The Passion Of The Playboy Riots
Hen and Chickens Theatre
Anyone interested in the connection between theatre and politics would be drawn to Neil Weatherall’s The Passion Of The Playboy Riots. Its subject matter is exciting but unfortunately the play does not really work dramatically.
Derived from the writing of W B Yeats, Lady Gregory and Patrick Pearse, who all made important contributions to the cultural and political development of Irish nationalism, it imagines their encounters backstage at the performance of three controversial plays.
At the 1902 production of Yeats’s play Cathleen ni Houlihan, which urged young men to give up their lives for Irish Independence, Pearse (Justin McKenna) arrives with his own plays. He hopes they will interest Yeats (Loclann O’Grady).
They don’t. Yeats thinks them simple minded, and their author rather naïve about British treatment of Ireland. He tells Pearse, “the Tories and the Unionists justify making Ireland’s laws for us by saying that the Irish are too feckless to rule themselves.”
Lady Gregory (Cath Humphrys) is more encouraging and takes Pearse to meet some of their sponsors.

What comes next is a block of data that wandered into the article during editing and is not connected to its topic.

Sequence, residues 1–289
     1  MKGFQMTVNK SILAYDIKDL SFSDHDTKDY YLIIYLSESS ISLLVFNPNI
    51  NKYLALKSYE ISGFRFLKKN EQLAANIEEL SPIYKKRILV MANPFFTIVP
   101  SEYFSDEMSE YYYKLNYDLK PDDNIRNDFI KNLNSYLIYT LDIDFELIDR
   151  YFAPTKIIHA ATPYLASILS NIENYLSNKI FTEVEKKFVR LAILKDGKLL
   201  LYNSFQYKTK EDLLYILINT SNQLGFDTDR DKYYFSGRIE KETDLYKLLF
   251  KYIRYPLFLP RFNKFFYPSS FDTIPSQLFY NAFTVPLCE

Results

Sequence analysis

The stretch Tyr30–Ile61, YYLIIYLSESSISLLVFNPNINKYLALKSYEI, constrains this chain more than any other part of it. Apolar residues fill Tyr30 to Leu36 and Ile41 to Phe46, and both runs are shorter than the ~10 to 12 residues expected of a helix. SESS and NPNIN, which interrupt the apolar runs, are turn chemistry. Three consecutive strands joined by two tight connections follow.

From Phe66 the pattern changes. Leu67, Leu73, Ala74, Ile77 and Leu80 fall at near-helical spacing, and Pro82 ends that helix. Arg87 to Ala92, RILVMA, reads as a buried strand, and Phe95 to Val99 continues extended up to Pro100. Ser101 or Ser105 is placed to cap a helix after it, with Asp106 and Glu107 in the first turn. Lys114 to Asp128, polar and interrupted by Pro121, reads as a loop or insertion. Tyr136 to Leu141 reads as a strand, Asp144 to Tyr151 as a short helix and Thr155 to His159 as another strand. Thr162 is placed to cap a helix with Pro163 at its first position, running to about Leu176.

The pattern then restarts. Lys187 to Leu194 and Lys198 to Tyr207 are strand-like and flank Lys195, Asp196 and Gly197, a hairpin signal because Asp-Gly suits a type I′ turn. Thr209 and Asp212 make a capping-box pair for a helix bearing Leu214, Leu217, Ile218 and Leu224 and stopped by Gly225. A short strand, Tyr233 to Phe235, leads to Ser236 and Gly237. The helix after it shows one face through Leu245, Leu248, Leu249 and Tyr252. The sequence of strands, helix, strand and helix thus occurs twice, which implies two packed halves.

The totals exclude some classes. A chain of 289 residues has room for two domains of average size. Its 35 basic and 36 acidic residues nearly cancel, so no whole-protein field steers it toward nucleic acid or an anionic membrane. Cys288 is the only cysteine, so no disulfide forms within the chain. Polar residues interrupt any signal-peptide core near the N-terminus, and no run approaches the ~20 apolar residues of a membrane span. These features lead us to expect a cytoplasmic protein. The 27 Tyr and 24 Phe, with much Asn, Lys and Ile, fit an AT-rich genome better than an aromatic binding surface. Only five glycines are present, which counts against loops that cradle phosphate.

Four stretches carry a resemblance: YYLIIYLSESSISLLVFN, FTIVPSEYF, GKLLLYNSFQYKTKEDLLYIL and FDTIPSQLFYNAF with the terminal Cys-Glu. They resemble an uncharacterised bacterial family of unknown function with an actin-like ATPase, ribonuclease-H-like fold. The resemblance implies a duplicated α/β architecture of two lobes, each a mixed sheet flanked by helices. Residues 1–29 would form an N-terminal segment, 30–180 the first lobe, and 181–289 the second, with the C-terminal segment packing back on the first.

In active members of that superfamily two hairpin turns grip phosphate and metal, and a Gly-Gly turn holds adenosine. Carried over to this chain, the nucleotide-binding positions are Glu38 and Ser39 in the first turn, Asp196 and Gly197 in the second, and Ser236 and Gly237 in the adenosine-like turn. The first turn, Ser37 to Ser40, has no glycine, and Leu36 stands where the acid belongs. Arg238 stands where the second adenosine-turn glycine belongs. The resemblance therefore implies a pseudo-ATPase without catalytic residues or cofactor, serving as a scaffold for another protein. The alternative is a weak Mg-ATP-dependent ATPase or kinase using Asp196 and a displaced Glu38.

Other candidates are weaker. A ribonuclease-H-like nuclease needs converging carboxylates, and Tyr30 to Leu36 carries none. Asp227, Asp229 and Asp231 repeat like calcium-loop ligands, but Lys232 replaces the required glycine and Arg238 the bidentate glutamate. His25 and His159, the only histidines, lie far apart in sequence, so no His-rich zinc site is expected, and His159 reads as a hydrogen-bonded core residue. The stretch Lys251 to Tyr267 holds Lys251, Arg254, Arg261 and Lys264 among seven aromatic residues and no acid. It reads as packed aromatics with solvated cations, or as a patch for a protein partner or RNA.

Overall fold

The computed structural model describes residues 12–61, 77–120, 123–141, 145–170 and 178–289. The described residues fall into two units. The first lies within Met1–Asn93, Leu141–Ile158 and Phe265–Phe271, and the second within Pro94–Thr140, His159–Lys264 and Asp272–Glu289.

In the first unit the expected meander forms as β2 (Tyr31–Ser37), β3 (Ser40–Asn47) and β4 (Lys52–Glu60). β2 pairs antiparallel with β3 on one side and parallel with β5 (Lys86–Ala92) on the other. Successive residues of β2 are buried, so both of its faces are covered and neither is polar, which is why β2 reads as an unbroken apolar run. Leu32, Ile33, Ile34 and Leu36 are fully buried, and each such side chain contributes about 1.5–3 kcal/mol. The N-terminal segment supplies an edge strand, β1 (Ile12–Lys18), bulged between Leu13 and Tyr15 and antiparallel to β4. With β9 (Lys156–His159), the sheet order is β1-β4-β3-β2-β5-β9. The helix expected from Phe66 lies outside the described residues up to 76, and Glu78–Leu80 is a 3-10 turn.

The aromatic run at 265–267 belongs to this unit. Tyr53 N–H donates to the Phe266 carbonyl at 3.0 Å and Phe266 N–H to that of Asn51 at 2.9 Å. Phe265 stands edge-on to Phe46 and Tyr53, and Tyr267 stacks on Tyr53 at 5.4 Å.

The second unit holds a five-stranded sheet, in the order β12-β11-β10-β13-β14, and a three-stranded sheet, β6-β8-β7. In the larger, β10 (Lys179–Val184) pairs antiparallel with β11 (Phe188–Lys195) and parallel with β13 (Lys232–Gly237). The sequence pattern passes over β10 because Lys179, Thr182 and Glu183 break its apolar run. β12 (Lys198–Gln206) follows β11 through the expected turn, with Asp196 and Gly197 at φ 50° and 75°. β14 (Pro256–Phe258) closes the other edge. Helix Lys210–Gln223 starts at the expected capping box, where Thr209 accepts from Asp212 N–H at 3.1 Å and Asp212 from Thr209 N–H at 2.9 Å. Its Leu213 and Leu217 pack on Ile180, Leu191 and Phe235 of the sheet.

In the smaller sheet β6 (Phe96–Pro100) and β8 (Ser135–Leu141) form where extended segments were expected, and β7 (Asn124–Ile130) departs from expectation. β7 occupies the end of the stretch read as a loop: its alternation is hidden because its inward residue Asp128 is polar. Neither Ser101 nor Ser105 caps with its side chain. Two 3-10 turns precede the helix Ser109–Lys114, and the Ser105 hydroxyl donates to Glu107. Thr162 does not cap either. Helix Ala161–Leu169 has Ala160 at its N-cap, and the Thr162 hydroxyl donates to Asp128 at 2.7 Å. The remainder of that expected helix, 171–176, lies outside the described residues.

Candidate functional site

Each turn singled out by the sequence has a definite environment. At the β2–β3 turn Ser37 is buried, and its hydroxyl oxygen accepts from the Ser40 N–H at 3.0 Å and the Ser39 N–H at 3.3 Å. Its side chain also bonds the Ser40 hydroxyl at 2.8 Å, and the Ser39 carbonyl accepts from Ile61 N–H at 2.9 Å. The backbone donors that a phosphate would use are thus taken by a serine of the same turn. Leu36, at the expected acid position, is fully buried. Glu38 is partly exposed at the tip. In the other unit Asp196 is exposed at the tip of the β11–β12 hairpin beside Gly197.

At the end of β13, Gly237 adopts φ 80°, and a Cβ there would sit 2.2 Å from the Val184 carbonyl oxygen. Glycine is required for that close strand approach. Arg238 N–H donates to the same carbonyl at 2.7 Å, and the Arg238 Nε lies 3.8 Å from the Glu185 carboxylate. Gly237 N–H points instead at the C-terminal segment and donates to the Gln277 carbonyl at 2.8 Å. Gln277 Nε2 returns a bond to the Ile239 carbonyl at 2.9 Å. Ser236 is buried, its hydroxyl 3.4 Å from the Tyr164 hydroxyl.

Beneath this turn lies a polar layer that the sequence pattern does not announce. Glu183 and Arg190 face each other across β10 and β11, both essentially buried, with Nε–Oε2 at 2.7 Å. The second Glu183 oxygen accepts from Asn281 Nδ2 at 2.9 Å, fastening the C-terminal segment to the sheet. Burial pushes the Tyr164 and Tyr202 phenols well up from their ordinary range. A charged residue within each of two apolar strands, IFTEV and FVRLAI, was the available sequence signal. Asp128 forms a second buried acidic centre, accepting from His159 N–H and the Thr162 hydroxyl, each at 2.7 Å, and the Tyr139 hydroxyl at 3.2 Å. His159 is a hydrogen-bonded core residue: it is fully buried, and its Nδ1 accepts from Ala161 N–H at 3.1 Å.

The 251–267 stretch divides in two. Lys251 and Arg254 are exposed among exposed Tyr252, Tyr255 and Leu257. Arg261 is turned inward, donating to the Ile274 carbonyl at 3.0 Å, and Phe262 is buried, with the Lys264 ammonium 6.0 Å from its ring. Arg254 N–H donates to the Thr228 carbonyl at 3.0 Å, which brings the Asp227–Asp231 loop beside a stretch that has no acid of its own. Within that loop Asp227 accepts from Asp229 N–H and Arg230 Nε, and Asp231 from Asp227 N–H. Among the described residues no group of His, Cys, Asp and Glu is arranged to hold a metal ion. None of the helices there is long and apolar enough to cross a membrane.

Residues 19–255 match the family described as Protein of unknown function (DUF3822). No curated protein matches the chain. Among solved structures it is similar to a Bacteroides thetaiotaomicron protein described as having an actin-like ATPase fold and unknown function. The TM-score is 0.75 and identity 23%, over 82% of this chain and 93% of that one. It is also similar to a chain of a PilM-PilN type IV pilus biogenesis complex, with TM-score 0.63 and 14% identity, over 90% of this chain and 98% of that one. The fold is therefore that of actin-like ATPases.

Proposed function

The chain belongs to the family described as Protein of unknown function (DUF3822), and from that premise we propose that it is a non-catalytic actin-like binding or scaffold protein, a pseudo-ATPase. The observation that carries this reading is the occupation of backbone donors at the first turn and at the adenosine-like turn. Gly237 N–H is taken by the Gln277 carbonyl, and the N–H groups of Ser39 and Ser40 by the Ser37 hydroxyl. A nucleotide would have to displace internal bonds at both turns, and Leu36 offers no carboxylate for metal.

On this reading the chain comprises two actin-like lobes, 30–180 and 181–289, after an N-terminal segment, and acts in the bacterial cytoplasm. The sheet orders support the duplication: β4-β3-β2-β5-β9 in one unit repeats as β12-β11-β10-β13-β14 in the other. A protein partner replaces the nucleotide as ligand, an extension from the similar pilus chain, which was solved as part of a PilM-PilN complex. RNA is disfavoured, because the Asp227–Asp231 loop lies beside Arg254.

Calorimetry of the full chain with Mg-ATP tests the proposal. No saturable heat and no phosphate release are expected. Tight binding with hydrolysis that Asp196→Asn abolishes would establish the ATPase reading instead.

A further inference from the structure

When the three meet in 1907 at what has come to be known as the “Playboy riots”, it is Pearse who is more militant as he denounces The Playboy of the Western World.
The final scene takes place in 1926 as nationalists are protesting a performance of Sean O Casey’s account of the 1916 Irish uprising in The Plough and the Stars. By that time, Pearse is dead having been executed by the British for his part in the uprising.
Yeats and Gregory find themselves in conversation with the actor playing Pearse in O’Casey’s play.
Although Neil Weatherall’s play has selected some key moments in theatre history and touched on a number of important arguments about the struggle for Irish independence, it doesn’t really dramatically engage.
In part, this is because neither the characters nor their encounters seem real. Instead, the play too often seems like a series of awkward quotes sitting side by side without any depth. It doesn’t help that the cast are given a static presentation that often makes them look as if they are uncomfortable with the performance space.
Then there are a number of unexplained distractions. I didn’t understand why Yeats starts wandering round with an axe and why does he at one point seem to suggest that Pearse is a paedophile?
These and other oddities may have been necessary but as they stood they simply added to the impression of an unfinished play that needed attention if it was to work.
Reviewer: Keith Mckenna